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Encouraging the 21st Century Learner

By Shari Edwards on January 23, 2013
  • Grades: 1–2, 3–5

Like it or not, learners (and therefore, teachers) have changed!

Gone are the days when students sat passively waiting to be fed their next predetermined dose of knowledge.

Gone are the days when students spoke only to answer a teacher’s questions.

Gone are the days when teachers controlled who, what, why, when, where, and how learning took place.

Most teachers celebrate the changes that our 21st century students have “forced” us to make, but many are still adjusting and fine-tuning their skills to match their students’ ever-evolving needs.

More and more research is being conducted on how people learn, especially our 21st century students. 21st Century Skills: Learning for Life in Our Times by Bernie Trilling and Charles Fadel lists some key findings from this research. Authentic learning, mental model building, and social learning top the list of strategies for their effectiveness in helping students learn. Under each strategy below you will find an idea or two that I use with my own 21st century students to help them navigate the world of learning.

 

Learning as a Social Activitygroup work to process math thinking with others

My 2nd graders are very social! They enjoy processing information verbally every chance they get. (Anyone else ever notice that in their classroom?) When I don't allow time for that processing to happen, it happens anyway, but not on my terms! I, therefore, build in time for talking about learning by providing small group time and partner projects.

 

We tried our first book talks last week. Below are two partner book talk videos. My students really enjoy doing this!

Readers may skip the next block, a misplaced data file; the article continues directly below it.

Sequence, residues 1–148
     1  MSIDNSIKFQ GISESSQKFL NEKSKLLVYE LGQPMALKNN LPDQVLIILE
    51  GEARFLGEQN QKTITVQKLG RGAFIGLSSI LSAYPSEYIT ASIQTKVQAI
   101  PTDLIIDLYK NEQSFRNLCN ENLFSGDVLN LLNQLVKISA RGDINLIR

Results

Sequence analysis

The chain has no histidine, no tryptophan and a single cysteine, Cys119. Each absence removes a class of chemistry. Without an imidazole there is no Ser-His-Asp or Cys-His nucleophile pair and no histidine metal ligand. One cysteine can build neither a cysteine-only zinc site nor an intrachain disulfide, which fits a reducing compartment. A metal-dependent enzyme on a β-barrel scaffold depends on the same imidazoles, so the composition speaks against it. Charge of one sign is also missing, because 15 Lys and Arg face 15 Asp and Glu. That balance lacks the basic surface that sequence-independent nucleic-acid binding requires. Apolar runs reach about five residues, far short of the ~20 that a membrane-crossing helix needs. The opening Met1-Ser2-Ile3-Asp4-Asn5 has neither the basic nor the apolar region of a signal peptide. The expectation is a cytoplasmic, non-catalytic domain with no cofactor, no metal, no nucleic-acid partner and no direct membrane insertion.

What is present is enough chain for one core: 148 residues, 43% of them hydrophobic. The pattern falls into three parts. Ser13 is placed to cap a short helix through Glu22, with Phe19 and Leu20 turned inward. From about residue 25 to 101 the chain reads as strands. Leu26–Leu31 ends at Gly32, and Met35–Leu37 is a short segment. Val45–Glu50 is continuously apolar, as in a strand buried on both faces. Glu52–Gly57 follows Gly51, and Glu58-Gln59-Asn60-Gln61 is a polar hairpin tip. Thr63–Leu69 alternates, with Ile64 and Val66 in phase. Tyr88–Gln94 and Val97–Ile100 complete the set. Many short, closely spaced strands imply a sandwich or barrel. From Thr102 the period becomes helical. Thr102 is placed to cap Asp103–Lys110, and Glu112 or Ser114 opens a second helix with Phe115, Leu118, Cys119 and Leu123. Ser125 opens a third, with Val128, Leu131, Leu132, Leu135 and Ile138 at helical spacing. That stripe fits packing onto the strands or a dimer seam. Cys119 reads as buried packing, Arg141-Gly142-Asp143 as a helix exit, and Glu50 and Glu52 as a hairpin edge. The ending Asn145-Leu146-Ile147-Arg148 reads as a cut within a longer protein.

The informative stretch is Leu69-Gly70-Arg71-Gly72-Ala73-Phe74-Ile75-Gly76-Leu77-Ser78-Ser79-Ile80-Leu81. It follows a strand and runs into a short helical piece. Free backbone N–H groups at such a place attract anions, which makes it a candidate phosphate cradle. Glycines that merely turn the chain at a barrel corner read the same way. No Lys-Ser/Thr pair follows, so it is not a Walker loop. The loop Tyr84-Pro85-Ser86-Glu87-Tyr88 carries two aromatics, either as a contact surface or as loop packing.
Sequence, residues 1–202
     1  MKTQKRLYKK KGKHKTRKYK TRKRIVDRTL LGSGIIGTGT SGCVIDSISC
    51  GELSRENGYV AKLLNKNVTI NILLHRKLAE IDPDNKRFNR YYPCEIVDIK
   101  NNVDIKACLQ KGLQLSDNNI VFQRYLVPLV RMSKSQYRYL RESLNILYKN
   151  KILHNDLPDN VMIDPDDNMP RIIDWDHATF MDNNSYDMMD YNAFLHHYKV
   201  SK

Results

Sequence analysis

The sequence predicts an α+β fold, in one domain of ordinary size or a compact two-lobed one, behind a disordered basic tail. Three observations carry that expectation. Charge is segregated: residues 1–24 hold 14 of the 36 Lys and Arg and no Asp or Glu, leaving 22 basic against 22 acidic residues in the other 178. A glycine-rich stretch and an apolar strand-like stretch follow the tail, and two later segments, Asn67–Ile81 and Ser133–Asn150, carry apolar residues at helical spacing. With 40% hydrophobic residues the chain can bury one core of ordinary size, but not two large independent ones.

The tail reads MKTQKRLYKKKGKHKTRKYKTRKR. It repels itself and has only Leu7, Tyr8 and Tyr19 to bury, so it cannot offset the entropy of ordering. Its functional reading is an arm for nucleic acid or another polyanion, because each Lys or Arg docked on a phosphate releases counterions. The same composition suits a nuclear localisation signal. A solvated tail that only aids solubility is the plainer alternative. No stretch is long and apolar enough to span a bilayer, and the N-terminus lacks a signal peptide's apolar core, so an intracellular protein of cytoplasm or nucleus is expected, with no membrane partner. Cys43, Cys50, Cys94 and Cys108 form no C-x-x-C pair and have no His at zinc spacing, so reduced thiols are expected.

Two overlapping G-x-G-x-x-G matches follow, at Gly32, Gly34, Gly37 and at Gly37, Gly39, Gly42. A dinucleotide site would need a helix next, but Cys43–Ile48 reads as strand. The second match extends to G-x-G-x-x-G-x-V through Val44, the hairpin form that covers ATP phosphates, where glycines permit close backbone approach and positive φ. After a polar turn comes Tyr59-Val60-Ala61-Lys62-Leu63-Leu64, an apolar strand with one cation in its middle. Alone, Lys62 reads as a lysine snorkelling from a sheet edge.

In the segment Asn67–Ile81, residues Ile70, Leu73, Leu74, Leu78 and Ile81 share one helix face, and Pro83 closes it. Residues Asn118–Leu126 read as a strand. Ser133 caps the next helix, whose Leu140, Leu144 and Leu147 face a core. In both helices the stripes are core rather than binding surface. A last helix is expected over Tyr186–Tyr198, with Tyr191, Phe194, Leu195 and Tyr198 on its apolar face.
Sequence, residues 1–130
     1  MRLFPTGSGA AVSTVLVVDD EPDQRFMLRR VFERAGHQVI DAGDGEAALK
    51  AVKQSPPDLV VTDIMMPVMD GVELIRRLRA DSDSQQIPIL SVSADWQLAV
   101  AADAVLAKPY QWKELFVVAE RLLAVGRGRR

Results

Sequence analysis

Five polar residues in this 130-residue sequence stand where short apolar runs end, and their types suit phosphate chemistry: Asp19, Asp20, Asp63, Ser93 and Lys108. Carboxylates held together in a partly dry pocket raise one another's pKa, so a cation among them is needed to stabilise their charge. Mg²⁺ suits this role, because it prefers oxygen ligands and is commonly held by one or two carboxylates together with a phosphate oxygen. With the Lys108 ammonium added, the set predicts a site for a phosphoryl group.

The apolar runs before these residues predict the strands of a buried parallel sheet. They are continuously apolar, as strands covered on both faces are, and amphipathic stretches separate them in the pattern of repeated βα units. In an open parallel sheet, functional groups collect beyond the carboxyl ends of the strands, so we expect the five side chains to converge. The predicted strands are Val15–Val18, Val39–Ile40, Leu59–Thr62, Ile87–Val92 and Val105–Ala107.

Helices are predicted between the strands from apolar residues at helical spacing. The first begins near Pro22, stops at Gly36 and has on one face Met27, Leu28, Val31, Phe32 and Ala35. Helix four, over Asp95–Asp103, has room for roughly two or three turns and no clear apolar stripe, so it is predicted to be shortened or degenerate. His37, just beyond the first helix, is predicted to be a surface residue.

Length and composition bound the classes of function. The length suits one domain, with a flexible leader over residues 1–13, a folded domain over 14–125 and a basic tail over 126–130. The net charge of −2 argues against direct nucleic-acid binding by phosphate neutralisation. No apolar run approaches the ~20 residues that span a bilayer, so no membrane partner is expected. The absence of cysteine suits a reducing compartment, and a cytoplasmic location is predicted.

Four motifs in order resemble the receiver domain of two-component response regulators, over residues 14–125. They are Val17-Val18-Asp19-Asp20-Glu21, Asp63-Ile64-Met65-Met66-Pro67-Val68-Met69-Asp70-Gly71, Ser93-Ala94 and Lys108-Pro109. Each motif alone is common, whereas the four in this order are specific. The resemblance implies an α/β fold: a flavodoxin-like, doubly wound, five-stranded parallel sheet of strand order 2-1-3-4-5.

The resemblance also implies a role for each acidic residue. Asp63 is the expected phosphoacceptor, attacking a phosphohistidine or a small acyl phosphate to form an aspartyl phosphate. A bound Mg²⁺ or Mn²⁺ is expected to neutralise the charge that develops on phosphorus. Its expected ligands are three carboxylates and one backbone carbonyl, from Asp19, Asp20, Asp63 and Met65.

The Hat

                                                                    

 

 

 

The Mitten

                                                                    

 

 

 

 

Building Mental Models

Mental models are important for understanding complex concepts. In science we teacplace value bead gameh about life cycles and our students develop a circle shape to associate with the concept of a repeating sequence of events. We use base ten blocks in math to help students form a model in their minds as they process place value concepts. Helping students build a model in their mind that they can refer to later is worth the time it takes.

(More on this at a later date!)

 

Learning Authentically

Everything we do in a classroom can't actually be authentic, but the way we present a topic, using real world examples and mimicking the world with the assignments we choose, can make it feel very authentic.

Capture their authentic enthusiasm. Ratchet up their interest for a book they are reading, for example, by filming them doing a book talk.

                                                            

Write for a real audience. We are participating in a letter writing project with our pen pals from Houston, Texas. My students are so engaged in their writing when working on their letters!

Use real books to teach reading skills and concepts. Here are some wintery books to try!

An Orange in January

An Orange in January by Dianna Hutts Aston — The journey of an orange as it grows and makes its way to someone’s hands in time to share with friends in winter. This book is great for exploring sequence.

 

My Friend the Snowman

My Friend the Snowman by Geraldine Elschner — A squirrel and a marmot are best friends. The friendship is put on hold when the marmot starts winter hibernation. The squirrel finds a winter friend while waiting for her friend to wake up. This story is perfect for talking about the plot of a story. The plot can be described as a circle!

 

Poppleton in Winter

Poppleton in Winter by Cynthia Rylant — Poppleton finds various things to do during the winter in three short stories. The stories contain clearly defined problems and resolutions for your students' use.

 

Geraldine's Big Snow

Geraldine’s Big Snow by Holly Keller — Geraldine waits impatiently for the snowstorm that’s on its way. Geraldine’s neighbors provide ample opportunities, throughout the book, for inferring what they plan to do when the snow comes.

 

Huggly's Snow Day

Huggly’s Snow Day by Tedd Arnold — The monsters in this book have never seen snow and must figure out what to do with it on their own. A discussion about schema and prior knowledge would be a great follow-up to this story!

 

 

What do you think?

What methods do you use to encourage your 21st century learners?

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